A team of researchers from Johns Hopkins University in Baltimore has created a shock-absorbing material that protects like a metal, but is lighter, stronger and reusable. The new foam-like material has numerous potential applications in products such as helmets, body armour and automobile and aerospace parts.
‘We are excited about our findings on the extreme energy-absorption capability of the new material,’ said Sung Hoon Kang, an assistant professor of mechanical engineering. ‘The material offers more protection from a wide range of impacts, but being lighter, could reduce fuel consumption and the environmental impact of vehicles while being more comfortable for protective-gear wearers.’
Kang wanted to create a material that was better at absorbing energy than current car bumpers and helmet padding. He noticed that the materials typically used for these critical protective devices don’t perform well at higher speeds and often aren’t reusable.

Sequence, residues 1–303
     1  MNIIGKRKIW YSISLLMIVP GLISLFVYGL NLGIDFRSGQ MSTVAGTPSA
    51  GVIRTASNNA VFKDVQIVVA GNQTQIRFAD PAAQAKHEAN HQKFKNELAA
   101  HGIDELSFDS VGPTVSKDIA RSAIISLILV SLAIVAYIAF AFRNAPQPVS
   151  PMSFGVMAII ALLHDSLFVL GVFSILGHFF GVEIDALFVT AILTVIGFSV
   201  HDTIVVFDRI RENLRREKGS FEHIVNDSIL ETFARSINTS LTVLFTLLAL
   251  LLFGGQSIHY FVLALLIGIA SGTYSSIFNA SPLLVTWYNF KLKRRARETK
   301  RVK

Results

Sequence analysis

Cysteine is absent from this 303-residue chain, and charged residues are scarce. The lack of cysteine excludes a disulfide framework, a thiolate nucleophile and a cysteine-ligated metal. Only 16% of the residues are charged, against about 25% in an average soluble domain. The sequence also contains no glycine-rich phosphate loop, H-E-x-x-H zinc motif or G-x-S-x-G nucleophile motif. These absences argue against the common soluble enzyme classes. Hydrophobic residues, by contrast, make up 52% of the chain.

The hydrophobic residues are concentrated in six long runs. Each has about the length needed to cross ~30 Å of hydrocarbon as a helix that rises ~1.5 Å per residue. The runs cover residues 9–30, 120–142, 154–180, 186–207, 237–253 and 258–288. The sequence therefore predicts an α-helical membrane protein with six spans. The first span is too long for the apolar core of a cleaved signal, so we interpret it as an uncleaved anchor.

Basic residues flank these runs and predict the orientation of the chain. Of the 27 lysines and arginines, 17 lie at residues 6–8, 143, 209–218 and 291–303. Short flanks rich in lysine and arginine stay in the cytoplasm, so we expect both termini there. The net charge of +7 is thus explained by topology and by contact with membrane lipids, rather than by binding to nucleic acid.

The research team increased the material’s ability to withstand impact by incorporating high-energy-absorbing liquid crystal elastomers, which have previously been used primarily in actuators and robotics.
In tests of the material’s ability to withstand impact it was found to hold up against strikes from objects weighting about two to seven kilograms to 15 pounds travelling at speeds of up to about 35 km/h. The tests were limited to 35 km/h due to the limits of the testing machines, but the team is confident that the padding could safely absorb even greater impacts.
Kang and his team are currently exploring a collaboration with a helmet company. The research has been published in Advanced Materials.